The final leg of the journey was completed the following day when the last aircraft of the coast-to-coast adventure, navigating through thick smoke from northern California’s recent forest fires, touched down at 10:10 a.m., Pacific time, at Buchanan Field in Concord, Calif., just east of San Francisco Bay. The organization reported that “at 2:30 Pacific time on Sept. 11, 2020, the Air Mail 100 Centennial Flights handed over a mail sack to San Francisco’s postmaster on Marina Green on the exact date, time, and location it happened 100 years ago.”

Fans of this anniversary event were able to follow the course of each of the 15 planes in real time using FlightAware.

An excited U.S. Post Office released a statement 100 years ago, sharing an epiphany about the trip. “With the establishment of the transcontinental airmail, there will be at the service of the United States military forces what is probably the greatest system of regularly maintained landing fields and facilities in the world, a system that will enable the movement of air fleets from ocean to ocean with large landing fields and fueling and repair facilities approximately every 200 miles.”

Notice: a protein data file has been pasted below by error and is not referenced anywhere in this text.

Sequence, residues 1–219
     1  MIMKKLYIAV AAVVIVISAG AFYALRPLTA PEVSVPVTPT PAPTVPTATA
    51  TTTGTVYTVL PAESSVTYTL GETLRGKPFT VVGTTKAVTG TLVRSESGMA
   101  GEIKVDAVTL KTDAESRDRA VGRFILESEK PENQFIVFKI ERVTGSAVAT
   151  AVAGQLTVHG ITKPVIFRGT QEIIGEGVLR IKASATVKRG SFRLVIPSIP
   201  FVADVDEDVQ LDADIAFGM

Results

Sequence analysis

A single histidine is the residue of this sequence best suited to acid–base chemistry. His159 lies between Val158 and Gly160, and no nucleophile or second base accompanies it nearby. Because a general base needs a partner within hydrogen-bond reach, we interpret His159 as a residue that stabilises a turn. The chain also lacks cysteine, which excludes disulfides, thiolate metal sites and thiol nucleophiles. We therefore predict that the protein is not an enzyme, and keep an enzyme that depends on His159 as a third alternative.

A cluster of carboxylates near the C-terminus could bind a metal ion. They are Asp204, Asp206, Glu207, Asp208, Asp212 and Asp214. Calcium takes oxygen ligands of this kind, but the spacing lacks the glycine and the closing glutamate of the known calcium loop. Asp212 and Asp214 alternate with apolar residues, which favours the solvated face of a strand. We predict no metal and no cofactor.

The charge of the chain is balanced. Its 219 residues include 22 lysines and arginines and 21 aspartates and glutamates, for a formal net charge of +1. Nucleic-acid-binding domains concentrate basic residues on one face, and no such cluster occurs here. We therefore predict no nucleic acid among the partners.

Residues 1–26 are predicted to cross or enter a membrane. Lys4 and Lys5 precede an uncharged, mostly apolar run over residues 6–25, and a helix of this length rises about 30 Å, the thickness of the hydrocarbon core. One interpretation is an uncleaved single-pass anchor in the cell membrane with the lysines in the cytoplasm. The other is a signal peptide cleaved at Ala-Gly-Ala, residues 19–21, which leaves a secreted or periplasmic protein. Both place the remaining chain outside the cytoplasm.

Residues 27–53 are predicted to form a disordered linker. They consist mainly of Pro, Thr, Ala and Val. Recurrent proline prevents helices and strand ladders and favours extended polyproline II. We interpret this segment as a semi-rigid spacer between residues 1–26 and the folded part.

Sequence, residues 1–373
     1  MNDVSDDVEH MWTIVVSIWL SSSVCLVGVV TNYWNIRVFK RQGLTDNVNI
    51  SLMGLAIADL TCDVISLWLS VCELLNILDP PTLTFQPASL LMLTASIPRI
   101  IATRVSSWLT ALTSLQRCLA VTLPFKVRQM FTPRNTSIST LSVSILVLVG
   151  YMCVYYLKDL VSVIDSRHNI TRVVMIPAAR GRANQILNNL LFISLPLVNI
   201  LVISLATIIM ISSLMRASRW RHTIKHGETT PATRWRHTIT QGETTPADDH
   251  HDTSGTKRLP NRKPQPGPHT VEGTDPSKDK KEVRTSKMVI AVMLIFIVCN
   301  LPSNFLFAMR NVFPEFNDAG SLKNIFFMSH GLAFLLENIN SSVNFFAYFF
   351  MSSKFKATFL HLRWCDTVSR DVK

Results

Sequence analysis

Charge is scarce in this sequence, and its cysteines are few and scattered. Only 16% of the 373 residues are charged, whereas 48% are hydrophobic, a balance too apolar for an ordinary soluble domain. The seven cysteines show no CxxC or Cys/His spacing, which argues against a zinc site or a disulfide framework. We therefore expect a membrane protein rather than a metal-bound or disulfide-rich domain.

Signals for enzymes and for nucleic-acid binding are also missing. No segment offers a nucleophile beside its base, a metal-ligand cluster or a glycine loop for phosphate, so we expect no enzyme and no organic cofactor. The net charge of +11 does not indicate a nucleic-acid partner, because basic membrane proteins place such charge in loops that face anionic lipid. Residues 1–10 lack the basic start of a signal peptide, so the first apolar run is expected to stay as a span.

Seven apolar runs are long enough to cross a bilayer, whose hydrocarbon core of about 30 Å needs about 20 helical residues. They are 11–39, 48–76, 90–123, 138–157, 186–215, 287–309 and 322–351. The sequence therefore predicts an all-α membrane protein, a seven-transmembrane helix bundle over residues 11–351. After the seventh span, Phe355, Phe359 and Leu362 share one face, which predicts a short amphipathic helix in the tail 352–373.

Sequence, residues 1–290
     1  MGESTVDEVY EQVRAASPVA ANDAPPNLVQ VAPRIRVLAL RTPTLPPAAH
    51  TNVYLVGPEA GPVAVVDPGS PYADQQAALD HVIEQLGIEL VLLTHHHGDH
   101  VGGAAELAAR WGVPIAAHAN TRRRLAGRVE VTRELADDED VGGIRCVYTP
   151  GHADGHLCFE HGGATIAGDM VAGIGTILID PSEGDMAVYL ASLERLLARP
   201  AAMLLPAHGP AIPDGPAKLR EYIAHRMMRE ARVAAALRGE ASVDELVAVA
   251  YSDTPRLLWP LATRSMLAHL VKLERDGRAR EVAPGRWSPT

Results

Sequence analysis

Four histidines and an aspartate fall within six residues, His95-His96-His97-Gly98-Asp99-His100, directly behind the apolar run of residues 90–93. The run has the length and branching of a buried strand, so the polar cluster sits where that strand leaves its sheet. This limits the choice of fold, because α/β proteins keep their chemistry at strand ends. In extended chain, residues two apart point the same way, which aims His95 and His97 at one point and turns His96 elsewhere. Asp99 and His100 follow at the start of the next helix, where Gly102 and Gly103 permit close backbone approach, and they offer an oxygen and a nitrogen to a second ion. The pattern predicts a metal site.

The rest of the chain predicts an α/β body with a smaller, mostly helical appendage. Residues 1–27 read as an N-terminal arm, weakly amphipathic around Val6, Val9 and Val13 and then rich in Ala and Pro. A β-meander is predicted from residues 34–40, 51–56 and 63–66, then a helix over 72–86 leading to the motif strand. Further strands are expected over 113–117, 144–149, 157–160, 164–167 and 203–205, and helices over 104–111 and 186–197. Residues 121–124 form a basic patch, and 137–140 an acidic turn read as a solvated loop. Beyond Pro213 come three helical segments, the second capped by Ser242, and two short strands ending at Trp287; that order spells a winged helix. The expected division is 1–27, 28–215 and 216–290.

Although the final flight of the 1920 inaugural operation arrived 16 hours late, it set a remarkable precedent. Once the new transcontinental airmail route was firmly established and operating on a regular basis, it reduced the typical amount of time it took trains to deliver the mail—that same distance—by two full days.

“I know that the pilots who were flying the different legs of the Air Mail 100 Centennial Flights with me this week were all thinking about those who came before us and the incredible risks they took,” said Katnik. “Some paid for this experience with their lives. These early pilots were true trailblazers and our industry exists thanks in large part to their courage, resilience, and hard work.”


This article was originally published in the October 2020 issue of Air Line Pilot.

Read the latest Air Line Pilot (PDF)